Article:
Thursday 19 September 2019

Risk Identification

All projects have varying levels of risk, the more unknowns the more risk, Risk planning is the process of proactively preparing for risks, these proactive measures are part of the project scope, budget and schedule. One thing to keep in mind is the difference between a risk and an issue, a risk is something that can be identified and planned for an issue is something out of left field that needs to be dealt with for example lightning strikes the project sponsor, whereas a risk could be new legislation that may or may not be passed during the project.

We plan for risks early on because preparing for a risk will greatly decrease the cost of resolution if identified and prepared for vs taking the project by surprise. The greatest level of unknown is also at the start of the project, as the project moves through the execution phase more and more of the unknowns are identified and risks tend to decrease as the project approaches closing.

Risk Identification 
Risk planning starts with identify risks, the whole project team should be involved in this process; risks can be: technological, economic, cultural, environmental, organizational, external, internal, business, resources, schedule, budget, profit, quality of deliverables, etc. the list goes on, what has to be established is the likely hood of a risk affecting the project, this can be done by:

  • Review historical records of similar projects 
  • Use a checklist of common risks that can occur
  • Brainstorm with the team what possible risks might occur 
  • Review the Project Scope (WBS and activities), schedule, and budget for any assumptions that could manifest themselves into risks
  • Any risks identified outright when creating the project documents
When identifying risks it is important to not just identify the event but also the impact of the risk. It is easy to focus on the negative risks, but there could also be positive risks, that is events that might occur that could benefit the project; such positive risks should also be identified.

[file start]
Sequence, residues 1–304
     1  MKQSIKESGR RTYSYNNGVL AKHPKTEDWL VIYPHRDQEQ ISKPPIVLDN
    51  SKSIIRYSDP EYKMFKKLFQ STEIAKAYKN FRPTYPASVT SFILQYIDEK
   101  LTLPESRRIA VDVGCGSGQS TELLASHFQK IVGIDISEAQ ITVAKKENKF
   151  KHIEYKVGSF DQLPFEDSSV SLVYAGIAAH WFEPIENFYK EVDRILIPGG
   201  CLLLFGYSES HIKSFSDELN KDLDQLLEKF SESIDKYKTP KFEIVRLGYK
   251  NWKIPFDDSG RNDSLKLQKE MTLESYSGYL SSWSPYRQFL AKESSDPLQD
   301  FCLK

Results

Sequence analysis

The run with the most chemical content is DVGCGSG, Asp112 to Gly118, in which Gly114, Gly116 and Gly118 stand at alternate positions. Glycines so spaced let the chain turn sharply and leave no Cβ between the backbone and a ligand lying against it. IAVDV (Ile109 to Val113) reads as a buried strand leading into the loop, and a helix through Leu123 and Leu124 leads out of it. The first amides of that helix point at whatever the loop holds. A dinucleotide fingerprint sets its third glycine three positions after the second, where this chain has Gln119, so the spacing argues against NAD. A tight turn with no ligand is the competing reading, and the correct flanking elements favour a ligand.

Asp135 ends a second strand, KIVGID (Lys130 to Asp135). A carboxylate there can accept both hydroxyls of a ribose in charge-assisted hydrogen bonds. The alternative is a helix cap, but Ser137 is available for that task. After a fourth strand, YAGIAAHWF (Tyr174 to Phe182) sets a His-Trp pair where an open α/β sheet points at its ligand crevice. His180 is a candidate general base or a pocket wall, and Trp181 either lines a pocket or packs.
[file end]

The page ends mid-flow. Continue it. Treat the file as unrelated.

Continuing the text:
Risks should be captured in a document called a "Risk Register" or "Risk Log"

Not all risks have an equal chance of occurring and since there is far more risks in a project then can possibly be addressed it is imperative that the risks with the highest chance of occurring are the risks the project is prepared for.

Qualitative Risk Analysis
allows the prioritization of risks based on
  • likely of occurring
  • their impact
  • ease of identifying their occurrence 
The risk matrix is designed in such a fashion that it uses a heat map to establish the order that risks should be panned for

for example a risk that has a high impact and a medium probability falls into the top middle square which is red. whereas a risk that has a low probability and impact would fall into the bottom left square that has a risk of green. 
the idea is that all red risks need to of high priority, usually all read and yellow risks have mitigation plans and green risks are reviewed to decide if they need a specific mitigation plan.

For a more sophisticated scale we can use the RPN or risk priority number, this number is generated 
by multiplying the probability value by the impact value by the detraction value 

  1. Won't happen
  2. Not likely to happen
  3. May or may not happen
  4. Likely to happen
  5. Definitely will happen
  1. No Impact
  2. Not significant
  3. May or may not be significant
  4. Significant
  5. Severe
  1. Definite Detection
  2. Easy to detect
  3. May or may not be detected
  4. Difficult to detect
  5. Impossible to detect
with these scales in place and our rpn formula
rpn = probability * impact * detection

Risk # 444580
Risk # 234248
Risk # 124216
Risk # 31236

Risks are ordered from highest RPN to lowest , there is no hard had fast rule as to how many risks should be planned for but between the top 1/3rd and 1/2 is a usual amount.